You should really ask in the course forum :) or contact Jeremy on Twitter, he's a great guy. Having said that, the idea is this: subsampling, aka pooling (max pooling, mean pooling, etc.: currently max pooling is the most common choice in CNNs) has three main advantages:
- it makes your net more robust to noise: if you alter slightly each neighborhood in your input layer, then the mean of each neighborhood won't change a lot (the smoothing effect of the sample mean). The max doesn't have this smoothing effect, however since it's the largest activation value, the relative variation due to noise is (on average) smaller than for other pixels.
- it introduces some level of translation invariance. By reducing the number of features in the output layer, if you move slightly the input image, chances are the output of the subsampling layer won't change, or it will change less. See here for a nice picture
- also, by reducing the number of features, the computational effort in training and predicting is reduced. Also overfitting becomes less likely.
However, not everyone agrees with point 3. In the famous Alexnet paper, which can be considered as the "rebirth" of CNNs, the authors used overlapping neighborhoods (i.e., strides along x and y smaller than the extension of the subsampling neighborhood along x and y respectively) in order to get the same number of features for the input and the output of the subsampling layer. This makes the model more flexible, which is what Jeremy was hinting at. You get a more flexible model, at the risk of more overfitting - but you can use other Deep Learning tools to fight overfitting. It's really a design choice - you'll typically need validation data sets to try different architectures and see what works best.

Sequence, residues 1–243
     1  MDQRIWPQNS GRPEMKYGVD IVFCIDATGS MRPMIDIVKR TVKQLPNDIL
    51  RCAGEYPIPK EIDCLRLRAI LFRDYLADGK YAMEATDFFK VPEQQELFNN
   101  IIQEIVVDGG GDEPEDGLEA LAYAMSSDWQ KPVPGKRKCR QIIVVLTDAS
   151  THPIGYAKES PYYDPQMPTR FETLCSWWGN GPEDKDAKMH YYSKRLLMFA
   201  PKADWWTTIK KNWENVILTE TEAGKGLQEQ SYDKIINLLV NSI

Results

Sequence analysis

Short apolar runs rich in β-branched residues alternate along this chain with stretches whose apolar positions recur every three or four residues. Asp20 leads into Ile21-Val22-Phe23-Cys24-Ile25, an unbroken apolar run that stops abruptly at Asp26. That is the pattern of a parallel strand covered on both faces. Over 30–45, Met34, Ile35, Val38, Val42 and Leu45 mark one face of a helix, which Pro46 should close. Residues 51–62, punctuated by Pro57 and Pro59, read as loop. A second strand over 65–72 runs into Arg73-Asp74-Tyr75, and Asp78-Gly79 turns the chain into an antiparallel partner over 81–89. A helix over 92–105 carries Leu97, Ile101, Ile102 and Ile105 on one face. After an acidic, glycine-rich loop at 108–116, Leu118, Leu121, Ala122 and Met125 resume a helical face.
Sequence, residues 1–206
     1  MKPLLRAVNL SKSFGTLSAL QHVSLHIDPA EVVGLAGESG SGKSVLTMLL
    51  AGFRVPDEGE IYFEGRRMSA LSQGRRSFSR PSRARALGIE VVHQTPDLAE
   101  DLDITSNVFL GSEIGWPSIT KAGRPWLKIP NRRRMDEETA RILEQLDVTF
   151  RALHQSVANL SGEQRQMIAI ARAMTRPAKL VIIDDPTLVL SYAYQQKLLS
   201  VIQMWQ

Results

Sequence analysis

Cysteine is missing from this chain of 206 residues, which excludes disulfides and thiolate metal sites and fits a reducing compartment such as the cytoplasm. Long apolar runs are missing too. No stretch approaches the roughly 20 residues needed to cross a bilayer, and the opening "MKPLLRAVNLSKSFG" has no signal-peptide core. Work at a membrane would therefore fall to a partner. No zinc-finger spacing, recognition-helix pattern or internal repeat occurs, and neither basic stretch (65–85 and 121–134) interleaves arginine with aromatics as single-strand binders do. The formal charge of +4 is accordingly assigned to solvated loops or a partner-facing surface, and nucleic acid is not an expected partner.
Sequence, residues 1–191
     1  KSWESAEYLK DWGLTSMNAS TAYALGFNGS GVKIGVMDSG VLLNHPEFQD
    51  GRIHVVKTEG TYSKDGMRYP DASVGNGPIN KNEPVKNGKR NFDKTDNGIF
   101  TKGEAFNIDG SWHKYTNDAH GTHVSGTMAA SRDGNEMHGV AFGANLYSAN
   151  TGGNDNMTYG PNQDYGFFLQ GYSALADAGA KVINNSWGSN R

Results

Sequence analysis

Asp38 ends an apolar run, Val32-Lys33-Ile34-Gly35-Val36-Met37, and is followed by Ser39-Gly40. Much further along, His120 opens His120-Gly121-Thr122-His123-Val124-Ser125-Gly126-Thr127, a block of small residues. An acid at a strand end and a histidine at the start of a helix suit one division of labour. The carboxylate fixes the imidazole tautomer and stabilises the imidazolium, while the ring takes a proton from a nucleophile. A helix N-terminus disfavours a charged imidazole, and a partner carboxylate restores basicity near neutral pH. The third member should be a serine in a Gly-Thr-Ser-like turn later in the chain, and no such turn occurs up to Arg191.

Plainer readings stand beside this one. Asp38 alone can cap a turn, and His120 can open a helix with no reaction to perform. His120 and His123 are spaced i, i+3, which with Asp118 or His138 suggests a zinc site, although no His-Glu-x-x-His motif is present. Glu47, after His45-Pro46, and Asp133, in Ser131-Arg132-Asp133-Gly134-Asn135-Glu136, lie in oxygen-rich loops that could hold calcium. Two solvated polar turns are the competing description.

EDIT: It just occured to me that I have misunderstood what you were asking for. VGG16, unlike Alexnet, uses nonoverlapping max pooling (see chapter 2.1 of the paper I linked, right at the end of the first paragraph). Thus the size of the channels does reduce by 50% after each pooling layer. This is compensated by the doubling of the width of the convolutional layers:
actually, it doesn't happen always - after the penultimate maxpool, the width remains 512, the same as before pooling. Again, this is a design choice: it's not set in stone, as confirmed by the fact that they don't follow this rule for the last convolutional layer. However, it's by far the most common design choice: for example, both LeNet and Alexnet follow this rule, even though LeNet uses nonoverlapping pooling (the size of each channel is halved, as for VGG16), while Alexnet uses overlapping pooling. The idea is simple - you introduce maxpooling to add robustness to noise and to help making the CNN translation equivariant, as I said before. However, you also don't want to throw away information contained in the image, together with the noise. To do that, for each convolutional layer you double the number of channels. This means that you have twice as many "high level features", so to speak, even if each of them contains half as many pixels. If your input image activates one of this high level features, their activation will be passed to following layers.
Granted, this added flexibility adds a risk of overfitting, which they combat with the usual techniques (see chapter 3.1): $L_2$ regularization and dropout for the last two layers, learning rate decay for the whole net.